“On the same day I decided to leave and turned in my resignation, I got a phone call that my mother had died,” he recalls. “Ten days later I had a heart attack.” The attack was mild, and Miller recovered. As a result of his mother’s death, he bought her estate and lived there for the next two years.

Her house was directly across the street from a Lutheran church. One day Miller was outside talking to a neighbor. He noticed Jeremy Cares, pastor at that church, walking by with his family. “I said, ‘Hey, aren’t you in the Lutheran church?’ ”

Cares invited Miller to an upcoming block party the congregation was going to hold. “He came to the block party and stayed there the whole time,” recalls Cares.

Miller came to worship the following Sunday and continued to come every week. “I’ve been going there ever since,” he notes.

Settling in

Cares took Miller through a Christian Foundation course. “We did it one on one at my house,” explains Miller. “I fixed breakfast every Monday, and we’d have breakfast and study.”

Partially due to Miller’s background, these study sessions often led into in-depth discussions on theology and church practices. When the subject of Holy Communion came up, Miller brought up the idea of the real presence of Jesus’ body and blood. “I understood the real presence before we talked about being a Lutheran,” notes Miller. “That is how I had understood it.”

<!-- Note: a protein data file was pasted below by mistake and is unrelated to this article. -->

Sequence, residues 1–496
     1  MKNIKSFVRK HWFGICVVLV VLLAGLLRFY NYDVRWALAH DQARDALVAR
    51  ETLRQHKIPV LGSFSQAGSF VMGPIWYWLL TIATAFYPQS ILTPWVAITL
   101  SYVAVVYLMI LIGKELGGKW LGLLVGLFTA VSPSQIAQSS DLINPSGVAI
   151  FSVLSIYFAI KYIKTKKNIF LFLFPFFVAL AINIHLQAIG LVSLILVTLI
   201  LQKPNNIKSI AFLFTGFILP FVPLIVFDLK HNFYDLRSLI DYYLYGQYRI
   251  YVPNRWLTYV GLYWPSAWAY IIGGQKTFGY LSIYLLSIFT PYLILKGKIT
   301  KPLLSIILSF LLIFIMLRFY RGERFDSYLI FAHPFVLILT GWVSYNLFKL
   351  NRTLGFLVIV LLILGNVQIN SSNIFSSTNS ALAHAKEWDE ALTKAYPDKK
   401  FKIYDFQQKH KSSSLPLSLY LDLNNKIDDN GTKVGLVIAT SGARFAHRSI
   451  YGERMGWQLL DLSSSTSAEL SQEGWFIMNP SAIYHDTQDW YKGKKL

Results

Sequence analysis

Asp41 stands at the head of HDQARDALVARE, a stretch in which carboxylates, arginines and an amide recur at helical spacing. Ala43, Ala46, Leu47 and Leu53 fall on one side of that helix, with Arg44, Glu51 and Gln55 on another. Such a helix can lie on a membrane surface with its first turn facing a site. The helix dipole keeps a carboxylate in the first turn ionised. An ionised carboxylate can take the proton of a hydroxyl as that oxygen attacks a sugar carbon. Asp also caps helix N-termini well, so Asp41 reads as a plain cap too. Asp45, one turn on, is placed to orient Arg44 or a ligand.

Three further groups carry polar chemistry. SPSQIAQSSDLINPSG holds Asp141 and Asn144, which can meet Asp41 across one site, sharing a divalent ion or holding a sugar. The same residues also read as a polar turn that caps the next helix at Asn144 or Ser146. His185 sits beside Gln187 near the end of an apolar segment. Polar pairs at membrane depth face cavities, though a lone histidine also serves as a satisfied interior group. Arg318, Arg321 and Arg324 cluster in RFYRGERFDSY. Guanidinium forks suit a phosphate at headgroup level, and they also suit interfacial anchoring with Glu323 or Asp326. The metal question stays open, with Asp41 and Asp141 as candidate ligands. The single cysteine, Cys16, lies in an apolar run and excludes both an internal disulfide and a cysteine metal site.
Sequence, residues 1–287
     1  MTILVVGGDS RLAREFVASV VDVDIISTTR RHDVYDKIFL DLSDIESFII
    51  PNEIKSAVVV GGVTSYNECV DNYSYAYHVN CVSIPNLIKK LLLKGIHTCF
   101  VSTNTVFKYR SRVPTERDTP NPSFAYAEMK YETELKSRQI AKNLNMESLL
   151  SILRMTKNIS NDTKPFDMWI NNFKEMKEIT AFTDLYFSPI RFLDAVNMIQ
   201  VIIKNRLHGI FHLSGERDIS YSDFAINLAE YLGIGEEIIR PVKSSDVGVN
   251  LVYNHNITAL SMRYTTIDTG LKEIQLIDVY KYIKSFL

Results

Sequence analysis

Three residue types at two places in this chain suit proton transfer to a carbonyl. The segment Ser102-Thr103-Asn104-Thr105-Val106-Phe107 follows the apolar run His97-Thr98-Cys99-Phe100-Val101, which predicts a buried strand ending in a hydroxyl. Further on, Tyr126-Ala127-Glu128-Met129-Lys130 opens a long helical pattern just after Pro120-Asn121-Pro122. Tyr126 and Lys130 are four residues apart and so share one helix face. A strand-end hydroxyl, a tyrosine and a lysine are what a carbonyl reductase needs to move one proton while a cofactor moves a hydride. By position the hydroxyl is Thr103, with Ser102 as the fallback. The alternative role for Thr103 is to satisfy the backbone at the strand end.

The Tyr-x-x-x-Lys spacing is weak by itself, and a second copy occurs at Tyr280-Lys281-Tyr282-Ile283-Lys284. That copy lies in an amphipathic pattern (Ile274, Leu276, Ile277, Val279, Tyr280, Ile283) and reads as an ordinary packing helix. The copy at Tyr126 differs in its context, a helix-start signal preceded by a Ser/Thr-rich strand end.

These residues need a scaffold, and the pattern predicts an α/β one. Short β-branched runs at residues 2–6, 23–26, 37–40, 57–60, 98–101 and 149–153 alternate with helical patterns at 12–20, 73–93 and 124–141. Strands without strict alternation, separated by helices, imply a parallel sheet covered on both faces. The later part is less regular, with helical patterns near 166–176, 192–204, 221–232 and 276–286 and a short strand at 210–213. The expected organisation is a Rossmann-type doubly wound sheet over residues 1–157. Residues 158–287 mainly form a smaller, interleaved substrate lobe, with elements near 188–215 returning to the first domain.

Cares explained the church’s stance on close communion, in which all those who share the same beliefs come to the Lord’s Supper together.

Infant baptism was another discussion. In the Baptist church, Miller had learned that in order to have faith, a person needed to understand what he or she believed. For this reason, baptisms were carried out later in a person’s life. The Lutheran church teaches that baptism is God’s act of washing away sin. God’s Word and promise are important, rather than the faith of the baptized. But children also can believe. At one point in the discussion, Cares pointed to the story of John the Baptist leaping in Elizabeth’s womb. “[Wayne] stuck his hands in the air and said ‘Hallelujah,’ ” says Cares. Miller finally could see in Scripture that children can believe.

Miller became a member of the church and continues to study on a weekly basis with Cares. “I appreciate that when we have a biblical or theological question, the first place we turn to is the Bible,” says Miller. “We look at the Word—that means more to me than anything.”

While attending the Lutheran church, Miller met a member who had been married previously but had been through a divorce as well. The two got to know each other and started dating. Then they got engaged and married.

Miller is now retired, but he enjoys serving on the outreach committee and the fellowship committee at church. “I’m very happy where I am,” he notes.

When the congregation in Lubbock reworked its mission statement, Miller helped craft the new one. It now reads, “A neighborhood church who worships, works for, and witnesses Jesus.” “To me, if you confess the Lord as your Savior—that’s the bottom line,” says Miller. “That’s the whole basis for Scripture: that you know the Lord as your Savior and you believe in the triune God.”

Rachel Hartman and her husband, Missionary Michael Hartman, serve in Leon, Mexico.


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Author: Rachel Hartman
Volume 103, Number 11
Issue: November 2016